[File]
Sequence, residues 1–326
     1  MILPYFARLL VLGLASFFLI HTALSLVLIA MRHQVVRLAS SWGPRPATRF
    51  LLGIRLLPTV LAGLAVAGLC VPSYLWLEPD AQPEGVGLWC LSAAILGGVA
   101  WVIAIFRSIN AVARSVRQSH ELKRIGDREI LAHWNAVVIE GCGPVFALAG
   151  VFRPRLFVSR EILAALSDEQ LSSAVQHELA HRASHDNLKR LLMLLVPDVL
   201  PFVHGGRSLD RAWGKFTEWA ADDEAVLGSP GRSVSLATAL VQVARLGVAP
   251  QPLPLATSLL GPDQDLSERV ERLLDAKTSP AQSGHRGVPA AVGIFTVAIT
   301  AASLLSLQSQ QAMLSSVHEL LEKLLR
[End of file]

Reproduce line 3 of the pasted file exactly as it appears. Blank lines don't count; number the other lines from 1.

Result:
    51  LLGIRLLPTV LAGLAVAGLC VPSYLWLEPD AQPEGVGLWC LSAAILGGVA